After your breast cancer is initially diagnosed, Roper St. Francis breast care experts work as a team to fully characterize the type of tumor and determine how advanced it is, also called “staging” your cancer. This helps us tailor your care to the specific characteristics of your disease. Each patient’s treatment plan is customized depending on the size and location of the tumor and the type of cancer cells.
Our primary goal is to get rid of the cancer cells, and to do so with the least discomfort and disruption to your quality of life. This requires a conversation about risks and benefits of various treatment options, and certainly it requires discussing your personal wishes, concerns and needs. We take all these things into careful consideration as our team devises the best treatment plan for each individual patient.
Roper St. Francis Cancer Care holds a regular Cancer Conference in which cases are presented to a multidisciplinary team of cancer experts for collegial input and treatment plan evaluation.
Breast cancer treatment is either local, which is used to target/control the cancer in the breast (examples are surgery or radiation therapy), or systemic, which is treatment aimed at controlling or eradicating cancer cells throughout the body (as with chemotherapy or hormone therapy). Typically a breast cancer treatment plan will include some or all of the following therapies: radiation therapy, chemotherapy, surgery, reconstructive surgery and/or clinical trials.
Radiation Therapy for Breast Cancer
Roper St. Francis uses the most advanced technologies that deliver high energy rays (photons and electrons) targeted to destroy cancer cells with high precision and minimal side effects. We offer an integrated radiation program following breast reconstruction to kill cells left behind after surgery, as well as an intraoperative program for older women with very early breast cancer.
Our comprehensive approach to breast cancer surgery includes innovative breast-conserving treatments, breast reconstruction options following mastectomy and the latest approaches to preventing lymphedema, a common side effect of lymph node removal. If your breast cancer requires surgical treatment, options may include:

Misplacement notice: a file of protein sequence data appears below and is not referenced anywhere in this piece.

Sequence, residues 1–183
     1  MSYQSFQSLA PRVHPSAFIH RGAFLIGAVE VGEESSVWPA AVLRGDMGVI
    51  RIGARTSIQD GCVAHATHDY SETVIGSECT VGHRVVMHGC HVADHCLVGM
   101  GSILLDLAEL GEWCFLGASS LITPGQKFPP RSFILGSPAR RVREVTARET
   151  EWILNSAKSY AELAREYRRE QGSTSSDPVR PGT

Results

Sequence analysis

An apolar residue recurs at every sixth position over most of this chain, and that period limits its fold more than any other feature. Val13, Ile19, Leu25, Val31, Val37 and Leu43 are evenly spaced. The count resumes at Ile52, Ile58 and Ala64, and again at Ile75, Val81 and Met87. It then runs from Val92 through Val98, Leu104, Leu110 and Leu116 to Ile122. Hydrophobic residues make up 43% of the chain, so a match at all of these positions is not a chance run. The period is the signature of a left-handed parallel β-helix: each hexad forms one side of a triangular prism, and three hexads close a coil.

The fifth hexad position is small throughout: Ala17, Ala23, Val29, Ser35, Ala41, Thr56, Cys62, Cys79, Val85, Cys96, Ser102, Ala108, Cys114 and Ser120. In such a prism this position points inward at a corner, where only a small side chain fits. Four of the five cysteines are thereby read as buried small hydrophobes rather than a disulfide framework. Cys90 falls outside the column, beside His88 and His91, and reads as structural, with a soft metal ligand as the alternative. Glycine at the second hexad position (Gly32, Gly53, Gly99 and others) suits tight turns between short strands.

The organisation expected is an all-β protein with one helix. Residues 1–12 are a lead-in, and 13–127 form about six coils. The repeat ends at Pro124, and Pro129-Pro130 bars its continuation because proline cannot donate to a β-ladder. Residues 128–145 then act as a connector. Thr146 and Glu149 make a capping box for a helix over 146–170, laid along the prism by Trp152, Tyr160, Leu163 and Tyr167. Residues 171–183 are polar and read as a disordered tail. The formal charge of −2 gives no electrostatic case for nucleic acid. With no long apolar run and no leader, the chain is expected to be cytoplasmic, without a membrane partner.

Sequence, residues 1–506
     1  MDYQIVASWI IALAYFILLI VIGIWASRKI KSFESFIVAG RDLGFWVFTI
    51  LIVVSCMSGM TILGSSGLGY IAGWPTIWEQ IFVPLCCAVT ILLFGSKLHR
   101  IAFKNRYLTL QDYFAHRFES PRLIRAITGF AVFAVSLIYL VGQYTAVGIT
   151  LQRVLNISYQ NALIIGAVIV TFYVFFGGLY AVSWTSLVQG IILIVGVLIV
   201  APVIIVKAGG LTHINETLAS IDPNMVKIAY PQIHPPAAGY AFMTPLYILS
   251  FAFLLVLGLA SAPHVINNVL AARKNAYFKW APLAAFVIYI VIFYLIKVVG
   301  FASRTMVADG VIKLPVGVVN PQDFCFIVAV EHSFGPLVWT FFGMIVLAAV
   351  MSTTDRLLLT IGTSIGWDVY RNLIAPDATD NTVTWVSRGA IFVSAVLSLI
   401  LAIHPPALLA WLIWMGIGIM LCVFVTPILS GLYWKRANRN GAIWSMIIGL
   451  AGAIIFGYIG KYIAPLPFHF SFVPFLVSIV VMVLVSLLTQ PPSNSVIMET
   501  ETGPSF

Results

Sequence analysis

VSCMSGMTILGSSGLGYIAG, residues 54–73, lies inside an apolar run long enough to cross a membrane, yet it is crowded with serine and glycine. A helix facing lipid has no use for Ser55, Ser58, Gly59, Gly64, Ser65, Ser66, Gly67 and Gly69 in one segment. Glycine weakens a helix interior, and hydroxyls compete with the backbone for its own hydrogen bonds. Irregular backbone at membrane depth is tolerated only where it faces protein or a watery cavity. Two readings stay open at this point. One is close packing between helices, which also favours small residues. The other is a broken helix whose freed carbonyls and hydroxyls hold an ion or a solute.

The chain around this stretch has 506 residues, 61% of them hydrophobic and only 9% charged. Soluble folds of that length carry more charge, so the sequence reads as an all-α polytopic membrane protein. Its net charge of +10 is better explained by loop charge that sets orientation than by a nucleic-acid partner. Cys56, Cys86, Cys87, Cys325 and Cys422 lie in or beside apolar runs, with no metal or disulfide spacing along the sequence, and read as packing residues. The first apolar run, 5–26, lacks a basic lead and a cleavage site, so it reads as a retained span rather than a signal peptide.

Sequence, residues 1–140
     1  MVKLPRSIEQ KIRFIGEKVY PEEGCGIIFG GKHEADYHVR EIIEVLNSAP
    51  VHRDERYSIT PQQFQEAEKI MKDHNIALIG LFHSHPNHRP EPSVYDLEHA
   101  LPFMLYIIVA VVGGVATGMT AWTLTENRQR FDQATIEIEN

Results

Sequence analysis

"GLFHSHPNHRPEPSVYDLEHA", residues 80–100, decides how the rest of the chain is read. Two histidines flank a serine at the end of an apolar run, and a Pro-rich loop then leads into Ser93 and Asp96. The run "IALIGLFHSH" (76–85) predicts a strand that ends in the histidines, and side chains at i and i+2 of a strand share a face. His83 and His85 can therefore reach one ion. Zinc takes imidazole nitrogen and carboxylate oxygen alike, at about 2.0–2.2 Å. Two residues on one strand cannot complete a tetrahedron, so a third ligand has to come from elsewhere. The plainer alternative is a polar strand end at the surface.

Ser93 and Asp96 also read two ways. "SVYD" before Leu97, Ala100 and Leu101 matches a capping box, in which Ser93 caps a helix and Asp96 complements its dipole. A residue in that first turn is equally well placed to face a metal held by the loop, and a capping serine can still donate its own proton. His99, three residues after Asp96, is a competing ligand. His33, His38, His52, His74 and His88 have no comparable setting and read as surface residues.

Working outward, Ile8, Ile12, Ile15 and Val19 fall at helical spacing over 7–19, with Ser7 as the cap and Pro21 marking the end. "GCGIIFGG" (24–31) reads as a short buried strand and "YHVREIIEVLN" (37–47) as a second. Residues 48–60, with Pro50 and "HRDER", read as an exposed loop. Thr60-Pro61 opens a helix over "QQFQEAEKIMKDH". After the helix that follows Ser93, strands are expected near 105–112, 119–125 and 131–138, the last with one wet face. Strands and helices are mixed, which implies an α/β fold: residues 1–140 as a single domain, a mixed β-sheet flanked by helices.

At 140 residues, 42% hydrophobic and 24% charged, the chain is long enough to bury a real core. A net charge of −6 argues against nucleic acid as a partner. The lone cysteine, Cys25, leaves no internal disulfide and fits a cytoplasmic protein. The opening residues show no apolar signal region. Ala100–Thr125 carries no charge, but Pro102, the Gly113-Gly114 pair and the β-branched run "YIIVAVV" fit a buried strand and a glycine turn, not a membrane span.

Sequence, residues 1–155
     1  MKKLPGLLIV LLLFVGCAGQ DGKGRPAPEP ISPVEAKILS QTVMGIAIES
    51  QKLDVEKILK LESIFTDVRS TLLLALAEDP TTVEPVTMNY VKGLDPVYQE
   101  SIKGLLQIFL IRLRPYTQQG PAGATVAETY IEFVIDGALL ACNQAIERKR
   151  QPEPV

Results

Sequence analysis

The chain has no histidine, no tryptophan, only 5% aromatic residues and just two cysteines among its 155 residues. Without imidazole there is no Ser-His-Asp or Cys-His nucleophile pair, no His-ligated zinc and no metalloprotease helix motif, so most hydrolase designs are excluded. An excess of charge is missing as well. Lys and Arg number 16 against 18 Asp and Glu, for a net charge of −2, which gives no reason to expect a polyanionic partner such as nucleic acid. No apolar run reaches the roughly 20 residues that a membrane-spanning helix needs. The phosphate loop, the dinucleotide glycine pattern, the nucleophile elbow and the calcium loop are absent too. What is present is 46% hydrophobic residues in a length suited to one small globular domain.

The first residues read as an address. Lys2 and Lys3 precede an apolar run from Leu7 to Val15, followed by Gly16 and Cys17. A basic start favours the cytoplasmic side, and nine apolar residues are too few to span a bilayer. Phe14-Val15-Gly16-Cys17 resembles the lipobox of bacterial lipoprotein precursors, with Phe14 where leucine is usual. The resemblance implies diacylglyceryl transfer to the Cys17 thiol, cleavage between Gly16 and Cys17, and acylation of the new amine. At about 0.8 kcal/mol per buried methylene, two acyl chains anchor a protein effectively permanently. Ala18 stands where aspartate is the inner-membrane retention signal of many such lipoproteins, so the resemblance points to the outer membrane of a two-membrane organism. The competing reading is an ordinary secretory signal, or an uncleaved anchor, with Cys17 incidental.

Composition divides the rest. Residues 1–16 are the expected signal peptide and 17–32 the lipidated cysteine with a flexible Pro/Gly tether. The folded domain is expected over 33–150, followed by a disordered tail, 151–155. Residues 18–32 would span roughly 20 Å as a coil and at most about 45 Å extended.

A lumpectomy is the surgical removal of only the cancerous part, or lump, of the breast and the “margins” or areas of normal tissue immediately adjacent to the tumor. Also called a partial mastectomy, lumpectomy is usually followed by radiation therapy, and may or may not include removal of the lymph nodes.
A mastectomy is the surgical removal of the entire breast, but typically not the muscle tissue below the breast. Mastectomy may be followed by immediate or delayed breast reconstruction by a plastic surgeon, and women who undergo mastectomy may or may not also require radiation therapy.
Types of mastectomy include:
- Total or simple mastectomy: removal of entire breast, including nipple, areola and overlying skin.
- Modified radical mastectomy: removal of entire breast as above, including the lining over the chest muscles and possibly the axillary lymph nodes and in some cases part of the chest wall.
- Radical mastectomy: All of the above, including the chest muscles. Thanks to advances in surgical options, radical mastectomies are rarely performed today, reserved only for cases when cancer has spread to chest muscles.
- Skin-sparing mastectomy: Breast tissue, nipple and areola are surgically removed but the skin over the breast is saved. This procedure can be used when breast reconstruction is performed immediately after the mastectomy.
- Nipple-sparing mastectomy: Also sometimes called a total skin-sparing mastectomy, this is similar to skin-sparing but preserves the nipple and areola.
Roper St. Francis breast cancer surgeons utilize paravertebral block, an anesthesia technique that reduces surgical stress and increases the number of natural killer cells, which in turn helps reduce the risk of cancer recurrence.
Learn more about surgery for breast cancer treatment.
Chemotherapy for Breast Cancer
Chemotherapy is the use of medicines to kill cancerous cells, usually delivered intravenously (in the veins). Chemotherapy can be before surgery (neoadjuvant) or after surgery (adjuvant). Roper St. Francis Breast Care offers comfortable outpatient infusion suites at our Cancer Center and our oncologists’ offices. At RSF Cancer Care, chemotherapy is administered by experienced oncology-certified nurses.
Learn more about chemotherapy for treatment of breast cancer.
Hormone Therapy for Breast Cancer
For breast cancers that are hormone receptor positive, hormone therapy can block estrogen from “feeding” the cancer and help stop the cancer from growing or spreading.
Learn more about hormone therapy for breast cancer.
Preventive Breast Cancer Treatments
Depending on your risk factors, genetic make-up and family history, you may be at high risk of breast cancer. Your doctor might suggest certain medications to reduce your risk, close surveillance with regular physical exams and imaging, or you may consider undergoing prophylactic surgery to remove the breasts.
Roper St. Francis Cancer Care is a charter member of the Levine Cancer Institute, which means our patients, including our breast cancer patients, have access to the nation’s most promising leading-edge clinical trials.